The city’s school district has partnered with Seton Hall University to launch what is being described as an innovative leadership training program to prepare 45 school leaders to tackle the persistent problem of under-performance in many district schools.
Funded by a $1.5 million federal grant issued through the Turnaround School Leaders Program, the initiative will utilize interactive, web-based video simulations to immerse current and aspiring education leaders in the real challenges administrators face on a daily basis in under performing schools.
Trainees will make live decisions as the scenarios unfold in the simulations and learn about the consequences of their actions.
“The district is creating a web-enabled virtual school that requires aspiring principals to confront problems, make choices and then – critically – see the consequences of their actions,” said state-appointed district superintendent Donnie Evans in a press release issued on Wednesday morning.
Evans said the district is one of a small number of school systems around the United States to receive funding to run such a program. The city’s school district is the sole recipient of the grant in New Jersey – out of 12 issued nationally.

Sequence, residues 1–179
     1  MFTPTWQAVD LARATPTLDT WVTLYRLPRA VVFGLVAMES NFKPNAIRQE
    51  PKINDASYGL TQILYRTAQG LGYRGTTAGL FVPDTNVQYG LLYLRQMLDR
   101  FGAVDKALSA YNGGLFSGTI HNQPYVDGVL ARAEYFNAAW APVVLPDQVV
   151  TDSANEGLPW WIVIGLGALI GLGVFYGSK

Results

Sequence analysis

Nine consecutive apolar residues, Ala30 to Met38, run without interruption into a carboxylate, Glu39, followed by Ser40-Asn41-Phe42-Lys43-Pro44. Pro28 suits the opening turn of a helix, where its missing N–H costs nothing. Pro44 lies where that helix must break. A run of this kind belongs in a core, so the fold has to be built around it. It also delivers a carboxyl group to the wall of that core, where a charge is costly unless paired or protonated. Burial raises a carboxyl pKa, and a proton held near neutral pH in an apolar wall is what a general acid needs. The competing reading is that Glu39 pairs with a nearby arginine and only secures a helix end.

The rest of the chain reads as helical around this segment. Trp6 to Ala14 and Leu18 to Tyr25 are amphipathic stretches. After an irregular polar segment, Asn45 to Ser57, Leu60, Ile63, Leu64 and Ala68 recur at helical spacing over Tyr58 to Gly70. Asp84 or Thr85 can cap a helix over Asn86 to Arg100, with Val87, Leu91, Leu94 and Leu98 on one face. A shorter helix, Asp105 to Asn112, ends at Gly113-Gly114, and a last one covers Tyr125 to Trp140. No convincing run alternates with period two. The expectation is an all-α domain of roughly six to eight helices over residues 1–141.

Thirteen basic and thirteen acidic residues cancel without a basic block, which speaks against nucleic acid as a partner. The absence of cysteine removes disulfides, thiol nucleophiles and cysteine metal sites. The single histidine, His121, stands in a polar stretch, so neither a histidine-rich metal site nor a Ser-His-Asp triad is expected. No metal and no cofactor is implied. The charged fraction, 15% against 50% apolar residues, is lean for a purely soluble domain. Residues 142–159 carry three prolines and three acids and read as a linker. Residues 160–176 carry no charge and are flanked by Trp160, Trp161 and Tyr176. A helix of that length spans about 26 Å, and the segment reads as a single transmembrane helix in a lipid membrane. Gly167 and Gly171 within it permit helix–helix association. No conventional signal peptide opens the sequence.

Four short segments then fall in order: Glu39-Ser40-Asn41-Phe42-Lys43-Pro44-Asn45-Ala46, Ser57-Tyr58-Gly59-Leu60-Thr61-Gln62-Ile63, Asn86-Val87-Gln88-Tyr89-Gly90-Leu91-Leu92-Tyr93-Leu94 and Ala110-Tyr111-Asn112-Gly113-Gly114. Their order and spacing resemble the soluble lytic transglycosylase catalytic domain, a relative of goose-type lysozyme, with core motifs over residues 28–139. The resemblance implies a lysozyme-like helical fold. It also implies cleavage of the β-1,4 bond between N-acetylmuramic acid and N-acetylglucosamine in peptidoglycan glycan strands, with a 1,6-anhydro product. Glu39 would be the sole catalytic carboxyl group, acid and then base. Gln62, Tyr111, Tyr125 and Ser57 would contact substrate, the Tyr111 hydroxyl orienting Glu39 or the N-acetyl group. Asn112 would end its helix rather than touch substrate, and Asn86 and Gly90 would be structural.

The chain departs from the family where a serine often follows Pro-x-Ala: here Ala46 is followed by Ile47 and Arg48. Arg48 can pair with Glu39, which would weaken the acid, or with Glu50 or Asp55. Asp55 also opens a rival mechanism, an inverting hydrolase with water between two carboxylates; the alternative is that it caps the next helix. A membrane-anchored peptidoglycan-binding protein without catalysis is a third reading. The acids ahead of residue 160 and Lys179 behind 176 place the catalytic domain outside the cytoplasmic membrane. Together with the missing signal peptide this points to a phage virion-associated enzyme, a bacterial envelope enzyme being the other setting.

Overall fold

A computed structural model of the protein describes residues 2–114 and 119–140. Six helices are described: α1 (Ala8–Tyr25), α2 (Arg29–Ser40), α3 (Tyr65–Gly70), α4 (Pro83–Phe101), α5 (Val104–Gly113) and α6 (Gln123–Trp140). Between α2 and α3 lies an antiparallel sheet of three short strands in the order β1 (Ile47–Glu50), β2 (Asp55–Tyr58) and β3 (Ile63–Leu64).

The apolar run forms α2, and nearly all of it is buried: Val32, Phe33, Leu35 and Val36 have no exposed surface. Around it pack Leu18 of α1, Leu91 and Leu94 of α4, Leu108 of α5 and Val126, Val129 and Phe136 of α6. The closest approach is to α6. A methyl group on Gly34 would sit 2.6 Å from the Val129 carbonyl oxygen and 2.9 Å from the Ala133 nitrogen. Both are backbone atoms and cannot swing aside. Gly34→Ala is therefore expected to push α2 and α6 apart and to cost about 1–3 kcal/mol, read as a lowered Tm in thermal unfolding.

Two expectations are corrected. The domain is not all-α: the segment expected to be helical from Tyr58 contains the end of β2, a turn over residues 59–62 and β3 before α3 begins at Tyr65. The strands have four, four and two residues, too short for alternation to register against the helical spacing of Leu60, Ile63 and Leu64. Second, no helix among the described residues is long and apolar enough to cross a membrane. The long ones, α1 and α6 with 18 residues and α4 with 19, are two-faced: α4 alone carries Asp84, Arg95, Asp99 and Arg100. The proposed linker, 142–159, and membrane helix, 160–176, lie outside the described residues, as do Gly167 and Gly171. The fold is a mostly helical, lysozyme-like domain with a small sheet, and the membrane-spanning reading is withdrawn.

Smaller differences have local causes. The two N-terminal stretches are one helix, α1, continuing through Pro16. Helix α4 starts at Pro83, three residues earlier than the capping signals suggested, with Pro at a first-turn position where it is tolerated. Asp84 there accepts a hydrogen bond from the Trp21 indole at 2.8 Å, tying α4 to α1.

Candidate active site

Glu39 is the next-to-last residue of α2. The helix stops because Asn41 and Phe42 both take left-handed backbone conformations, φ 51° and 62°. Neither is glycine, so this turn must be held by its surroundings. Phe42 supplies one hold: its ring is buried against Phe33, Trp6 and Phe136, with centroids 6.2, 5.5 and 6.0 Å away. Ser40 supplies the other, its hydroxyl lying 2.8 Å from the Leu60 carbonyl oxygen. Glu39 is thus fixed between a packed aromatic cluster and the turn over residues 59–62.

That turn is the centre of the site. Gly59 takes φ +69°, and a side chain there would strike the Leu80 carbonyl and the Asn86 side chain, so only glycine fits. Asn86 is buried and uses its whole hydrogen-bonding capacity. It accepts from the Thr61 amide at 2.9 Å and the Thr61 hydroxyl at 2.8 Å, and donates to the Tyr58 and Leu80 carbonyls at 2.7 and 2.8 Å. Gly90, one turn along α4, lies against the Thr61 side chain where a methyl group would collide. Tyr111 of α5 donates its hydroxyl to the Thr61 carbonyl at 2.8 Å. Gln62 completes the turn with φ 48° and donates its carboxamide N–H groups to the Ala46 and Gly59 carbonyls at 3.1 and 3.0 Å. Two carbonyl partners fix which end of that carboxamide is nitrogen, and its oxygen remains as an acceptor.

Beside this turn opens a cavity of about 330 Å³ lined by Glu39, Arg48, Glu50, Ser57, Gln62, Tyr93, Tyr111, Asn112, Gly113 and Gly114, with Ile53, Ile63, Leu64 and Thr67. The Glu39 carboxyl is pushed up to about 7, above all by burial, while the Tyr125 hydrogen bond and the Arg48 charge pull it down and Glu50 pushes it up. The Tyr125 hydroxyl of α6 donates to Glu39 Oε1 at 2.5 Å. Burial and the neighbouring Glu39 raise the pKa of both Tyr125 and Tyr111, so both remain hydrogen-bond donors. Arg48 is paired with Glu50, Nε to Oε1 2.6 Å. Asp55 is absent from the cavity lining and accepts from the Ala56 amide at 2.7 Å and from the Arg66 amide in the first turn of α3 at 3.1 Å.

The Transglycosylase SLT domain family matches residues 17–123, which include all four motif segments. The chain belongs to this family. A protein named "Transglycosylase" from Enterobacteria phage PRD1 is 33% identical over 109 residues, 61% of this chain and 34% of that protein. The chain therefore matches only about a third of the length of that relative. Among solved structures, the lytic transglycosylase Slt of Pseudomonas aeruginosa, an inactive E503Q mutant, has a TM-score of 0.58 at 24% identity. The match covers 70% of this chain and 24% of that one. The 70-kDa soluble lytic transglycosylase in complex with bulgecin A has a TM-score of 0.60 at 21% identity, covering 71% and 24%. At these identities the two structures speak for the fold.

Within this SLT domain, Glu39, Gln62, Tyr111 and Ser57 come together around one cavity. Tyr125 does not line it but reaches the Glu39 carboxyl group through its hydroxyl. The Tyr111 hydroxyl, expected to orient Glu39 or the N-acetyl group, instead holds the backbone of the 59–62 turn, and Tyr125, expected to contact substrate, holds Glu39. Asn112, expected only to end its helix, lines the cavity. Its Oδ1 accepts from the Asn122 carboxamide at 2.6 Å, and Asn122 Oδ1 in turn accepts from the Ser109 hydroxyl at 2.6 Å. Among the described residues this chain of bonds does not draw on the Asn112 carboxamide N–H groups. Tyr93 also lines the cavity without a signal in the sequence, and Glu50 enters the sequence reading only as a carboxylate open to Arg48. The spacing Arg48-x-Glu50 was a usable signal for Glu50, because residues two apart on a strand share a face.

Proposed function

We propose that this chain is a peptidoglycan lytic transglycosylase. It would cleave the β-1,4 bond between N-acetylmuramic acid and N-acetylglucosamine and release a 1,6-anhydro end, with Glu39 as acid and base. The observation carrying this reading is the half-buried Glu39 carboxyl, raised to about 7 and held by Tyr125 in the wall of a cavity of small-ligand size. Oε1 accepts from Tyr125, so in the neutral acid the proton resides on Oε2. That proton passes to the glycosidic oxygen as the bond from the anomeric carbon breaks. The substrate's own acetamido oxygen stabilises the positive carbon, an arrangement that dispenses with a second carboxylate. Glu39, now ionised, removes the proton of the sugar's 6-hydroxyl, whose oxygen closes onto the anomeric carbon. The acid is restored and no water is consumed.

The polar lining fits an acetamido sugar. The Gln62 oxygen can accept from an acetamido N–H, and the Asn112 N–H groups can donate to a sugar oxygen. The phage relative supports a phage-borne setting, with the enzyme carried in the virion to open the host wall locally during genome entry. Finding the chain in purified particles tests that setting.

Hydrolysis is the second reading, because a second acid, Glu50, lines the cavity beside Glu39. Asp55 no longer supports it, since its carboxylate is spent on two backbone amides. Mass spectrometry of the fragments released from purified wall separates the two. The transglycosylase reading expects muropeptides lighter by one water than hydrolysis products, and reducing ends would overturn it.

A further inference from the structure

“In collaboration with Seton Hall University and Interactive, Inc., our district will develop what we hope will become a national model for the development of turnaround school leaders,” said Evans.
The two phase program will begin its first phase by connecting school leadership professors Michael Osnato, Jan Furman, Daniel Gutmore, and adjunct Loretta Pohill of the South Orange-based university to work directly with city’s school leaders to equip them with techniques and tools to better their schools.
“For example, we teach them how to do walk-throughs, which is akin to a doctor doing daily rounds in the hospital,” said Osnato, chair of university’s education leadership management program. “We show them how to visit classrooms regularly, two or three times a week and look for certain ways that they can help the teachers in a positive, collaborative way.”
Osnato said the short but more frequent visits will serve as a different form of support for building teachers.
The program’s second phase will utilize interactive simulations. “Simulations are widely used for training in medicine and the military,” said Dale Mann, professor emeritus at Columbia University and managing director of Interactive, Inc. Mann’s company will serve as the district’s technology partner in creating the simulations.
The program — aimed to train and provide steady leadership in underperforming schools — will prepare 15 leaders per year until reaching 45 in its third year. Even after the three-year period ends the district will continue to use the simulations to train future leaders in turnaround techniques.
“We expect this to be a realistic and highly effective training tool in difficult schools where children deserve a chance,” said Osnato.
Correction: A previous version of this article stated Seton Hall University was located in West Orange, it is in fact located in South Orange.